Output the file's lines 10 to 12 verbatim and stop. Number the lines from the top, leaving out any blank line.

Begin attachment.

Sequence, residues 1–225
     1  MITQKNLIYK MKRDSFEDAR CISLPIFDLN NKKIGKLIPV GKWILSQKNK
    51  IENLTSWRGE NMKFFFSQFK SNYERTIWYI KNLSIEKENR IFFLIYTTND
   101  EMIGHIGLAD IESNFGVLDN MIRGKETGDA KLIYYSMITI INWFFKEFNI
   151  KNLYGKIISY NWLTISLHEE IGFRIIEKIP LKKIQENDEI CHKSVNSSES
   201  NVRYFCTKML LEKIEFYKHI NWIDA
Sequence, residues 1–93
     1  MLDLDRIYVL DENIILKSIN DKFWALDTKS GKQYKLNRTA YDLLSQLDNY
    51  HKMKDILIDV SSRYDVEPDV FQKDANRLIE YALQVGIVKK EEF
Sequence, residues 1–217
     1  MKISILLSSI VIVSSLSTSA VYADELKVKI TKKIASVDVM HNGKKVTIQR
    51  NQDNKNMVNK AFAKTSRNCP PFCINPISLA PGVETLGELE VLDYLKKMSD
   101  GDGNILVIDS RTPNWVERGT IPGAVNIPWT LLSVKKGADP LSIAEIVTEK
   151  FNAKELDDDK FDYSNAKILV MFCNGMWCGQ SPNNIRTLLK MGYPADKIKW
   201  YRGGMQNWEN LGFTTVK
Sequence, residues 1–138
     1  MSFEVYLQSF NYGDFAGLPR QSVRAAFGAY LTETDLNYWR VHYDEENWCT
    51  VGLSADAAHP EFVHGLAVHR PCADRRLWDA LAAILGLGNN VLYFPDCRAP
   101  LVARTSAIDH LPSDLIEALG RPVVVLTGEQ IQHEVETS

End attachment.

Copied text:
Sequence, residues 1–217
     1  MKISILLSSI VIVSSLSTSA VYADELKVKI TKKIASVDVM HNGKKVTIQR
    51  NQDNKNMVNK AFAKTSRNCP PFCINPISLA PGVETLGELE VLDYLKKMSD